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Ben Jones
Ben Jones, UK Lawyer
Category: Law
Satisfied Customers: 47341
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I have been dismissed due my current mental health problems.

Resolved Question:

I have been dismissed due my current mental health problems. I been suffering from depression for some years and due the break down of my marrage, financial problems i struggled to cope with the heavy work load. I was in a sever distressed state when i had to leave a meeting which was called without warning. Before this i asked for help but the director did not respond.
Submitted: 1 year ago.
Category: Law
Expert:  Ben Jones replied 1 year ago.

Hello, my name is***** am a qualified lawyer and it is my pleasure to assist you with your question today. How long did you work there for and when were you dismissed?

Customer: replied 1 year ago.
I joined the company at the beginning of October 2014. I left on friday 27th May 2016 since then the company offered 2 months work but would not pay me for and time off to attend doctors appointments required due to my illness. I have always been paid sick and for doctors appointments. Additionally i have always made the time up on these occasions.
Expert:  Ben Jones replied 1 year ago.

Hi there, thanks for your patience. Whilst you are not protected automatically against unfair dismissal because you do job have 2 years service,, you will get protection against disability discrimination, including an unjustified dismissal due to a disability.

Capability, where an employee is unable to perform their job due to ill health, is a potentially fair reasons for dismissing an employee under the Employment Rights Act 1996. The definition of ‘capability’ includes competence (skill and aptitude), health (any mental/physical quality) and qualifications.

Whether a capability dismissal is fair will depend on the particular circumstances and the procedure that was followed. The employer needs to show they had reasonable grounds to believe that the employee was incapable of performing their job and that nothing further could be done to assist them. In the end they need to show that dismissal was a reasonable decision to take. The courts have held that an important consideration is whether any reasonable employer would have waited longer in the circumstances before dismissing the employee.

When looking at the reasonableness of such a dismissal, the tribunal will usually look at the following elements:
• What was the nature of the illness
• Was the employee consulted over their position and did the employer try to ascertain the true medical position
• What was the likelihood of the employee returning to work or the illness reoccurring in the future
• The effect a prolonged absence would have on the business and the workforce
• The availability of other suitable employment that the employee could do instead

Dismissal must always be viewed as a last resort by the employer. Only when it is obvious that the employee cannot continue in their job and that there was nothing else available for them to do would dismissal become a fair option.

It is also important to consider the additional rights someone would have if the condition that is affecting them amounts to a 'disability'. This can have a broad meaning and there is no single list of conditions that amount to a disability under law. Instead, to establish whether a person is disabled, they need to show they satisfy the legal definition of ‘disability’.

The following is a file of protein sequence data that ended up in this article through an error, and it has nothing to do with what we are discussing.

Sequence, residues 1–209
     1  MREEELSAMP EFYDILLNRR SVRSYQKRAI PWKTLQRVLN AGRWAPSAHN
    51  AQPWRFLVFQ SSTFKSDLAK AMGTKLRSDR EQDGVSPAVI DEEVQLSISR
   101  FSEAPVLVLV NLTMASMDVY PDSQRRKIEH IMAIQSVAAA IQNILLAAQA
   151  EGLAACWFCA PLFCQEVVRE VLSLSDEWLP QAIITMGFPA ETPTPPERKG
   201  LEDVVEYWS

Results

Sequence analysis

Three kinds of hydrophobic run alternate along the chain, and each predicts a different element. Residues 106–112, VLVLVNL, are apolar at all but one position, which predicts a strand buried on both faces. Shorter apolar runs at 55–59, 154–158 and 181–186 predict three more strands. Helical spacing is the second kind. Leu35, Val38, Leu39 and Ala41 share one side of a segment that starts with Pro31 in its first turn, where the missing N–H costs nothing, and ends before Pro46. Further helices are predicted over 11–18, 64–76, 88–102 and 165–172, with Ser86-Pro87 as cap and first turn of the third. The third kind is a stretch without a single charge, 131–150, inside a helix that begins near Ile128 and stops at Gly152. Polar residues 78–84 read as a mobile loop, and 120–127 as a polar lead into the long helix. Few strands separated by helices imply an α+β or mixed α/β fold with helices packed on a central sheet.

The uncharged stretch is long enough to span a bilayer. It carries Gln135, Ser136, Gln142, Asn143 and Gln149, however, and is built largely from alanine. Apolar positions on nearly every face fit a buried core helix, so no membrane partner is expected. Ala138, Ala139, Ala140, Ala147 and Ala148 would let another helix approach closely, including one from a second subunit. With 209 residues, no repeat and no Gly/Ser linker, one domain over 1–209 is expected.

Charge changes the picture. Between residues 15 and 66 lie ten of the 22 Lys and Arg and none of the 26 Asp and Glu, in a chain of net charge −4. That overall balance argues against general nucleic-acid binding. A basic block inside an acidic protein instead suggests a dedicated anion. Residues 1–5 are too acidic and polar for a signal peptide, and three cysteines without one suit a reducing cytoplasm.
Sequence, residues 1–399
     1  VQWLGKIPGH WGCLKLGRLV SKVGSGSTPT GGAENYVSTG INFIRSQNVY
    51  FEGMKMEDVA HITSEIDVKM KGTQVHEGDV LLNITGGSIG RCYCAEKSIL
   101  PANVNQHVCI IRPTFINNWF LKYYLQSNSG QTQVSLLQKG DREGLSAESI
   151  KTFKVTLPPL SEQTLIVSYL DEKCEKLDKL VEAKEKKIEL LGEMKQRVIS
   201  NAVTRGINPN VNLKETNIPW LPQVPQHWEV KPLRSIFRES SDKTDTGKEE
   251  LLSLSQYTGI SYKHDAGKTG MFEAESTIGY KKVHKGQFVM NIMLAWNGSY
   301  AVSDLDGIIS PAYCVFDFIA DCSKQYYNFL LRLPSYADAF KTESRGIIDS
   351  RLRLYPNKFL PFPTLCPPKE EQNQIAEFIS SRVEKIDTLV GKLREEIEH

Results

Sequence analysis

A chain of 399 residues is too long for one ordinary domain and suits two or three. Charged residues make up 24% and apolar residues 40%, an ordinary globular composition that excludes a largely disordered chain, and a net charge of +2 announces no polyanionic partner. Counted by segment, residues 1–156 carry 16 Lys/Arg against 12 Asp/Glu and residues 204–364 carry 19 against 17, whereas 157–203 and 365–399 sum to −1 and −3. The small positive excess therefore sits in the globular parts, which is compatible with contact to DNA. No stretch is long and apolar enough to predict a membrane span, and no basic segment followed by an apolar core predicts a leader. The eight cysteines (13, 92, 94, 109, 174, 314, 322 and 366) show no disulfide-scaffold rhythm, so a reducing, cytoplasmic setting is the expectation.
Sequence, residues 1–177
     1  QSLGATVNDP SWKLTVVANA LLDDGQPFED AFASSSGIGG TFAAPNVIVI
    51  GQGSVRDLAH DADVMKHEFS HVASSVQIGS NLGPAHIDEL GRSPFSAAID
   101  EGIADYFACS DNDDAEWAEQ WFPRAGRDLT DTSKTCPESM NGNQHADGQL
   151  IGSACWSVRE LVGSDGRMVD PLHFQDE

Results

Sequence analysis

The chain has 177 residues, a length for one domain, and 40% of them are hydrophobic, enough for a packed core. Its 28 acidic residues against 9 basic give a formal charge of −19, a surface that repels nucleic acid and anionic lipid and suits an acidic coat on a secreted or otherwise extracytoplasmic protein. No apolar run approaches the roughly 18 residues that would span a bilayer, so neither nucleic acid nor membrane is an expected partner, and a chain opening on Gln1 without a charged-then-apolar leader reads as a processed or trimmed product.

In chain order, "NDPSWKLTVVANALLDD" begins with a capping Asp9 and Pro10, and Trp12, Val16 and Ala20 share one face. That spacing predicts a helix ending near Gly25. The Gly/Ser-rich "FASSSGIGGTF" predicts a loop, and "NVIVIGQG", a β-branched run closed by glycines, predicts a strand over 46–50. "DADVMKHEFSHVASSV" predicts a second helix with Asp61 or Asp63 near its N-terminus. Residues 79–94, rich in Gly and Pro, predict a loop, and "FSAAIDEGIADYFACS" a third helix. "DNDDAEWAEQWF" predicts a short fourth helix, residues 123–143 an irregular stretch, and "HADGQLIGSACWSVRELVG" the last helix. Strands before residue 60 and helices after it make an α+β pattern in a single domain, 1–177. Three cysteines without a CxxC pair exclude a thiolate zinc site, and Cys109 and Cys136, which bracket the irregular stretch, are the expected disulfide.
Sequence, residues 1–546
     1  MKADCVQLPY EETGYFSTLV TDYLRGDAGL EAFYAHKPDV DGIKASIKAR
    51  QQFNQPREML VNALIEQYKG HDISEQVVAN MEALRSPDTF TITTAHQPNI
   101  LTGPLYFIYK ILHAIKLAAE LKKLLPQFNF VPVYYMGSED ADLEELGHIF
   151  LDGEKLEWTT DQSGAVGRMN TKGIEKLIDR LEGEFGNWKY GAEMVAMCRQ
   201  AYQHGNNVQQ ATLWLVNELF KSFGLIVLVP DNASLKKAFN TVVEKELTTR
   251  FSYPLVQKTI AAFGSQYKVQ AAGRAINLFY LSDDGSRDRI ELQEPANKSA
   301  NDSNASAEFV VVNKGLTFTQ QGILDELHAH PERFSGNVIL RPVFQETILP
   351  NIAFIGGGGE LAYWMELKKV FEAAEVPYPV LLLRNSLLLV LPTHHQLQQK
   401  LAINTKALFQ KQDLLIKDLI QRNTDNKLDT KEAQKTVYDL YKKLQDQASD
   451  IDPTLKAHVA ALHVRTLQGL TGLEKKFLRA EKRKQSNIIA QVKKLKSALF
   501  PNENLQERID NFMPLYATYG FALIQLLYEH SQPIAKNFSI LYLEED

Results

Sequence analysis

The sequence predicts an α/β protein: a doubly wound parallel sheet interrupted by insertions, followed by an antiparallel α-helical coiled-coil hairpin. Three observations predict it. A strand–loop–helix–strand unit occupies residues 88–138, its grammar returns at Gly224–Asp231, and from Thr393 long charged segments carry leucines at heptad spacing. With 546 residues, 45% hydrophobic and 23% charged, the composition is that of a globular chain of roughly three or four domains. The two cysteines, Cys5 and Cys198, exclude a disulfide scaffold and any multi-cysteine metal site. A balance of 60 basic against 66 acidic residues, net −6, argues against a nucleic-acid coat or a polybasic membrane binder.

This is your basic legal position. I have more detailed advice for you in terms of the ways to establish if you a disabled and also how to challenge the dismissal now, which I wish to discuss so please take a second to leave a positive rating for the service so far (by selecting 3, 4 or 5 stars) and I can continue with that and answer any further questions you may have. Don’t worry, there I no extra cost and leaving a rating will not close the question and we can continue this discussion. Thank you

Expert:  Ben Jones replied 1 year ago.

Hello, I see you have read my response to your query. Please let me know if this has answered your original question and if you need me to discuss the next steps in more detail? In the meantime please take a second to leave a positive rating by selecting 3, 4 or 5 starts from the top of the page. The question will not close and I can continue with my advice as discussed. Thank you

Ben Jones and other Law Specialists are ready to help you
Customer: replied 1 year ago.
Thank for your help I'm not really sure what to do next. You must understand that the directors could not lay straight in bed. I don't think i would have a case once they start coving their backs..
Expert:  Ben Jones replied 1 year ago.

A new feature in the employment tribunal’s claims process is mandatory early conciliation with ACAS. This requires prospective claimants to notify ACAS and provide details of their intended claim and they would then try to negotiate between the claimant and respondent to seek out of court settlement in order to avoid having to take the claim to the tribunal. It is possible for the parties to refuse to engage in these negotiations, or that they are unsuccessful, in which case they would get permission to proceed with making the claim in the tribunal.

If negotiations are initiated and settlement is reached, then the claimant would agree not to proceed with the claim in return for the agreed financial settlement.

The conciliation procedure and the form to fill in can be found here:

https://ec.acas.org.uk/Submission/SingleClaimantPage

In terms of the time limits within which a claim must be presented, the early conciliation process places a ‘stop’ on that and the time between notifying ACAS and them issuing permission to proceed with the claim would not count for the purposes of these time limits.